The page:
Technologically mature refrigeration systems for customized ship refurbishment and new construction
Retrofitting older fishing vessels with advanced refrigeration systems – the experts at GEA Refrigeration Technologies have long since mastered this challenge. Since 1996 they have retrofitted more than 50 ships – most of them from Russian fishing fleets – with advanced refrigeration systems from German engineering and production. The Russian demand for new fishing ships is also growing tremendously. Over the coming years, Russian fleets have a requirement for 60 large as well as 280 small and medium-sized ships. By now, customers increasingly voice their interest for the use of ammonia (NH3) as refrigerant for on-board refrigeration. Although the Russian Maritime Register of Shipping (RMRS) has allowed the use of the refrigerant R22 until 2020, prompt refitting to an efficient alternative such as NH3 is already beneficial, environmentally friendly, and effective: after all, fishing vessels have a very long service life, and the average age of Russian medium-sized and large ships is considerably more than 20 years.
In its refrigeration systems, GEA Refrigeration Technologies installs highly efficient screw compressors form the GEA Grasso LT range, as well as compressor packages from the SP-1 range. They are characterized by their compact design, low-vibration operation, and ease of maintenance. They are also equipped with low-friction rotor bearings and can be employed together with frequency inverters to obtain greater output and optimized operation in part-load ranges. For the control of new and existing refrigeration component systems – such as fish pre-cooling equipment (RSW), cargo holds, and freezer systems – GEA Refrigeration Technologies offers package solutions for retrofitting electrical switching systems with automated control functions and remote diagnosis via Ethernet.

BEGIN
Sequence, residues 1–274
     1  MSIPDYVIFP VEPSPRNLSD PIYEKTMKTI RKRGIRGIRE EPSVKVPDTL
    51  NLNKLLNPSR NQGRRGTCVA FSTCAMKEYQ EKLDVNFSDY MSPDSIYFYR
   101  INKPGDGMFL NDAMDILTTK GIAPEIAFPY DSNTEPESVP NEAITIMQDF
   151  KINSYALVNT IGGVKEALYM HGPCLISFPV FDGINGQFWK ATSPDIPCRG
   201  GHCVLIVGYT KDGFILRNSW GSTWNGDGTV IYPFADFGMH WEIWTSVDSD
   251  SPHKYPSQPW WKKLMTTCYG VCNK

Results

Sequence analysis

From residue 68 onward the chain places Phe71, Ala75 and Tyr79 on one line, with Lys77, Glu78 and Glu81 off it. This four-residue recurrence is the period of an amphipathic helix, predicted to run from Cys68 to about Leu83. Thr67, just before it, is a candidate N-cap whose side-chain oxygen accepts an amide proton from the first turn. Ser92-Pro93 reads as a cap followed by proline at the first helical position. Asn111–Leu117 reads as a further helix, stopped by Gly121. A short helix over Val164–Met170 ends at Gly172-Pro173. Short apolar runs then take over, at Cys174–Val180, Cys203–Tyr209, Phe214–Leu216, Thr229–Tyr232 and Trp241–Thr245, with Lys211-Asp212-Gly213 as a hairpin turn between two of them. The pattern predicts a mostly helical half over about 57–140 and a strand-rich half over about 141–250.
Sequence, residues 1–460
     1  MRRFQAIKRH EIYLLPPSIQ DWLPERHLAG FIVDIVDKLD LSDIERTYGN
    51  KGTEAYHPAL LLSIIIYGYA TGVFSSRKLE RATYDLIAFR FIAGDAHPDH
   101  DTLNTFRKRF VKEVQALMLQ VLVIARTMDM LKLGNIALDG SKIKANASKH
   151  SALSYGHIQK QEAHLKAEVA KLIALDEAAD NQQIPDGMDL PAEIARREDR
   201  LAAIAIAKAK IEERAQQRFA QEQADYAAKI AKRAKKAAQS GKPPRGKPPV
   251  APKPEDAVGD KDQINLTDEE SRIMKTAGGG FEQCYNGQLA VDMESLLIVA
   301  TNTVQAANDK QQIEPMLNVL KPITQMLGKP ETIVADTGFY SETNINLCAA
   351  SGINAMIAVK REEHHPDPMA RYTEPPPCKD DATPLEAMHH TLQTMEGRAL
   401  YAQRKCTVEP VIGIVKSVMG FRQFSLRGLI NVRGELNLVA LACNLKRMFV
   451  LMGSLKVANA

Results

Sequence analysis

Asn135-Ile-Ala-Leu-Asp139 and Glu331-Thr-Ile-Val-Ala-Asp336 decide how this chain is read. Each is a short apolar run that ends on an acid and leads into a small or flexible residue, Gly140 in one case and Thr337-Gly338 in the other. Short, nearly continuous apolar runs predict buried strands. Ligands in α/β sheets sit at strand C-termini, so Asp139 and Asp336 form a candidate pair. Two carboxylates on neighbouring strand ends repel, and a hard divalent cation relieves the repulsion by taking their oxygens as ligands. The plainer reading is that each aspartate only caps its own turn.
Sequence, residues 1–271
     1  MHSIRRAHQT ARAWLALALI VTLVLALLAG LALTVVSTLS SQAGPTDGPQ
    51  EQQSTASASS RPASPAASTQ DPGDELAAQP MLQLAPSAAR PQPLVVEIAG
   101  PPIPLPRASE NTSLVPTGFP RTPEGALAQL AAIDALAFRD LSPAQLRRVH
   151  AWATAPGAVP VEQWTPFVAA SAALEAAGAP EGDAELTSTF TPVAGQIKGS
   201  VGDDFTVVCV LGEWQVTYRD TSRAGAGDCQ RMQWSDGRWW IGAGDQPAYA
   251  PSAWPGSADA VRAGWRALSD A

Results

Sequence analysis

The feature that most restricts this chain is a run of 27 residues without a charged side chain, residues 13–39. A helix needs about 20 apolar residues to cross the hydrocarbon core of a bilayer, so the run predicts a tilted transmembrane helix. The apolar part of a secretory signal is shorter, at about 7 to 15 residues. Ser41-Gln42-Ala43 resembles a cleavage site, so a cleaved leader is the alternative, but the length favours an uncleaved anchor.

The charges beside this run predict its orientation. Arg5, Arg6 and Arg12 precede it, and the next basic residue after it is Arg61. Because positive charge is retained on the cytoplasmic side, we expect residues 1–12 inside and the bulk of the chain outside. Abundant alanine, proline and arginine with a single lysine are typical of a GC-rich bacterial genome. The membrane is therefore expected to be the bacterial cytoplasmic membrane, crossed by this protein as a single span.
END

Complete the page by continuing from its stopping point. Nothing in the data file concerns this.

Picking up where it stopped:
Highly efficient ballast water treatment without the use of chemicals: GEA Westfalia Separator BallastMaster ultraV
With its new BallastMaster ultraV, GEA Westfalia Separator Group once again demonstrates that its new developments are close to the customer and right in line with market needs. For example: treatment of ballast water on board takes place in this system entirely on the basis of filtration and irradiation with UV-C light – i.e., completely without the use of chemicals. Since the self-cleaning system for the lamps is based on ultrasonic technology, no disinfection by-products are produced. The BallastMaster ultraV has a modular design and is therefore effective for use in construction of new ships as well as for retrofitting. As part of GEA Westfalia Separator seaprotectsolutions, the BallastMaster ultraV provides you with an all-round, worry-free system which meets current and future IMO standards for ballast water treatment.
GEA Group, August 2, 2013